Al-Ahram Weekly Online   2 - 8 August 2007
Issue No. 856
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Published in Cairo by AL-AHRAM established in 1875

Fast-track 'moderation'

In Cairo and Sharm El-Sheikh, Dina Ezzat and Doaa El-Bey follow a series of meetings that reveal signs of a "new" Middle East

Hardly any evidence

Tying one knot, tightening another


In two separate statements made this week in Lebanon, Hizbullah leader Hassan Nasrallah and Arab League Secretary-General Amr Moussa suggested that Western plans to reshape the politics and dynamics of the Middle East cannot be imposed on the peoples of the region -- with Nasrallah suggesting a total failure of such plans. Hizbullah's leader and Moussa -- who share very little if anything in common other than rejection of Western hegemony over the Arab world, albeit at different levels and for different reasons -- must know that developments on the ground in the Middle East defy their wishful statements.

The Middle East, to judge by the statements issued this week in a set of meetings held in Cairo and Sharm El-Sheikh, appears to be entering a new phase that was heralded late last year by no other than Israeli Foreign Minister Tzipi Livni who predicted a region of "moderates against extremists" and not "Arabs against Israelis". And by virtue of their many contacts with regional and international figures, both Nasrallah and Moussa must know that the vast majority of Arab regimes -- including Cairo, Riyadh and Algiers, which are still apprehensive of the full consequences of the irreversible embrace of the American style of moderation -- are not prepared to let the region be ruled by any Islamist political faction, be it Hizbullah, Hamas or the Muslim Brotherhood. Nasrallah and Moussa must also know that with the odd exception of Damascus, which is in a marriage of convenience with Tehran -- the most feared enemy of the US and Israel -- there is hardly any Arab capital that is still willing to entertain a tug of war with Washington.

The meeting held this week in the region by the visiting US secretaries of state and defence, the Arab foreign ministers' meeting held in Sharm El-Sheikh on Tuesday for Condoleezza Rice and her counterparts from Egypt, Jordan and the Arab Gulf states and the Arab foreign ministers meeting that convened at the Arab League on Monday show plainly that the new Middle East born out of the Israeli military aggression against Lebanon last summer is nearing its nine-month point.

"We have so many common interests. We are all in a war with extremism," Rice said after the Sharm El-Sheikh meeting that adopted a long statement supporting all the forces identified by Washington as allies of moderation, especially the Iraqi government of Nuri Al-Maliki and the Lebanese government of Fouad Al-Siniora, and issued an implicit warning to unnamed forces perceived by the US, and for that matter some regional powers, as forces of extremism.

However, according to statements made in London yesterday by British Secretary of State Kim Howells after a visit to the region, most Arab regimes are not willing to deal with a Middle East dominated by the forces of Islamism as represented by Iran or its allies Hamas or Hizbullah.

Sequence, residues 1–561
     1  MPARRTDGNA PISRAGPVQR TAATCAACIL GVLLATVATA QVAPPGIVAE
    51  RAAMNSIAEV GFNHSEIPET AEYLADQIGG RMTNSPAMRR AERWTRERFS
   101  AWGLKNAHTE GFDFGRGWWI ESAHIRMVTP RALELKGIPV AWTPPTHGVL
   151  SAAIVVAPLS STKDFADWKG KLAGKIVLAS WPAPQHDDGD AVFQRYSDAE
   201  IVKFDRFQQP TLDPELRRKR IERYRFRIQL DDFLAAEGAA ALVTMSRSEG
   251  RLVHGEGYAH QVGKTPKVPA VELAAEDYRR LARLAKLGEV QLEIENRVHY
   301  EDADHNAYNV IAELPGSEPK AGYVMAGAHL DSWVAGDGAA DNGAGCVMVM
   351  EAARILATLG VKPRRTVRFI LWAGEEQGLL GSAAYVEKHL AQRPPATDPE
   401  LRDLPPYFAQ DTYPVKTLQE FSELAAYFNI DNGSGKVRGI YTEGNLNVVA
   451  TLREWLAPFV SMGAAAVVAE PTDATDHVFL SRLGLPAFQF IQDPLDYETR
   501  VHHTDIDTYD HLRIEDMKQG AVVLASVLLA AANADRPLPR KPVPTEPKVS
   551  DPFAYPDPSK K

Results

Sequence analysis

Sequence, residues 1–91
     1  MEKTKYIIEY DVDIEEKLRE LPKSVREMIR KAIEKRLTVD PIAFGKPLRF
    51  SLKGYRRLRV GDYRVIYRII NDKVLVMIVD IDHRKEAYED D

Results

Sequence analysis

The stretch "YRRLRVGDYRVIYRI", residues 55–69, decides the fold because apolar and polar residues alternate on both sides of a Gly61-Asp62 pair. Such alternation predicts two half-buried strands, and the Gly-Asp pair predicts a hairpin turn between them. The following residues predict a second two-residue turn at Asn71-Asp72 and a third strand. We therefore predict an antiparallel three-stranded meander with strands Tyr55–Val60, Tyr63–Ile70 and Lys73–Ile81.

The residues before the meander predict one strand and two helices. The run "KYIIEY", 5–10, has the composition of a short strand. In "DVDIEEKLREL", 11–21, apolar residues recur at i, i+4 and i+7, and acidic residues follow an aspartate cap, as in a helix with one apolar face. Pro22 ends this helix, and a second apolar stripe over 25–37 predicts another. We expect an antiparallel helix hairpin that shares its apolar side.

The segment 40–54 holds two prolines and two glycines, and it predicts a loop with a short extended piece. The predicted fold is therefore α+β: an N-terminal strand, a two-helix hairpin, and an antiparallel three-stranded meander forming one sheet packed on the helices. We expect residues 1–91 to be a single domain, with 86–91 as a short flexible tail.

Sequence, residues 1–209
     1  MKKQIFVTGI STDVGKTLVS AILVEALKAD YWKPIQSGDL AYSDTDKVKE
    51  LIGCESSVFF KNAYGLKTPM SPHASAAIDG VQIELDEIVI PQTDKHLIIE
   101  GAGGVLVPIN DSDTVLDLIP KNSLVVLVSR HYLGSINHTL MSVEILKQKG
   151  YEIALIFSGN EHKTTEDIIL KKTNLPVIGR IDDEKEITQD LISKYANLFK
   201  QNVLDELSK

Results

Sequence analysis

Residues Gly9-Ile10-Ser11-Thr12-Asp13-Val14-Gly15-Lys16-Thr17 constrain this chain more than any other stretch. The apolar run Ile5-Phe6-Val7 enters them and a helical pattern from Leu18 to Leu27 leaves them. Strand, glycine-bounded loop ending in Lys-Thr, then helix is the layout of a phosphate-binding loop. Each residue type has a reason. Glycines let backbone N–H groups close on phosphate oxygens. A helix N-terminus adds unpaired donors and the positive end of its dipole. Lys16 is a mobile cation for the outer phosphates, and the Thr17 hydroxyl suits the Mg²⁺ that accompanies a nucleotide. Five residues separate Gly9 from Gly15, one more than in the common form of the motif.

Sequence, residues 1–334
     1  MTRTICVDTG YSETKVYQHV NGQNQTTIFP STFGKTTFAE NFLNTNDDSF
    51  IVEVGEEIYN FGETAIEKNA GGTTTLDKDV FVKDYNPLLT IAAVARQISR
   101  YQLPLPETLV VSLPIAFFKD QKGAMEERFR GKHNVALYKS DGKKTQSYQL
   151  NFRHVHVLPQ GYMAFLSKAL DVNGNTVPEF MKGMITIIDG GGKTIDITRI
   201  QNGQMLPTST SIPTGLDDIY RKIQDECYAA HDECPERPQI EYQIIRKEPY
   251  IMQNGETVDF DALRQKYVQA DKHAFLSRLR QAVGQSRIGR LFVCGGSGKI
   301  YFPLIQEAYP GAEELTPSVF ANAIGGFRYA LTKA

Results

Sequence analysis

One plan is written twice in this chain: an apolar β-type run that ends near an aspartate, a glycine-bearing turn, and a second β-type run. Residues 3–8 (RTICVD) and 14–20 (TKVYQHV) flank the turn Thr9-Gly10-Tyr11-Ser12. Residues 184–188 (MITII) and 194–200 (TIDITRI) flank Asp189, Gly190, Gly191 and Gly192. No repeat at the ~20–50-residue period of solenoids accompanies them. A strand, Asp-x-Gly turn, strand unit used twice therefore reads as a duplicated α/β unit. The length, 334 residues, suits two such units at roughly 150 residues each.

The fact that Rice declared that Washington would give Egypt $13 billion in military aid a few hours before the Sharm El-Sheikh meeting just might suggest that this is conditional on Cairo's subscription to the American style of "moderation" for the future of this region. The fat military deals promised by Washington to other regional allies including Israel and Saudi Arabia are part of an American design to heighten confrontation between its allies and Iran. "The US is determined to assure its allies that we will be reliable and will help them meet their security needs in fighting extremism and terrorism," Rice said. The official spokesman for the Iranian Foreign Ministry Mohamed Ali Al-Husseini criticised the new US arms deals for the region saying, "the US always had a special policy of fear in the region and tarnishing existing good relations among its countries."

Still, the abrupt and lone exit of the head of the Syrian delegation to the Arab foreign ministers' meeting on Monday to protest against the failure of the Arab states to discuss ways to end the current isolation of Hamas in Gaza and the cold shoulder that almost all Arabs gave to a proposal made by Moussa for the Arab foreign ministers to seriously pursue mediation between the Palestinian Authority and Hamas is yet another sign of the rising star of "moderation". Indeed, it was no other than the Palestinian Prime Minister Salam Fayyad -- with his recent statements on the need to abolish militant resistance of occupation -- who was first to oppose Moussa's proposal in no uncertain terms on the basis that such a proposal amounts to an intervention in the internal affairs of the Palestinians.

The ultimate sign of the rising tide of "moderation" was a statement made yesterday in Jeddah by Saudi Foreign Minister Saud Al-Faissal who indicated his country's willingness to participate in a conference that the US administration is proposing on the Arab- Israeli peace process and to which Israel would participate. "When we get an invitation from Rice to attend, we will study it and we will be keen to attend."

It is unclear as yet who the participants that Washington has in mind for this conference are and what exactly its agenda or possible outcome would be. Indeed, it's completely unknown whether Syria will be included in the meeting. The resolution adopted by the Arab foreign ministers on Monday made an indirect appeal for the US to include Syria in order to enhance the chances of the conclusion of a complete peace deal in the region, but fell far short of laying out any conditions for the Arab participation in this ambiguous meeting -- even to the closest of US allies. (see p.2)

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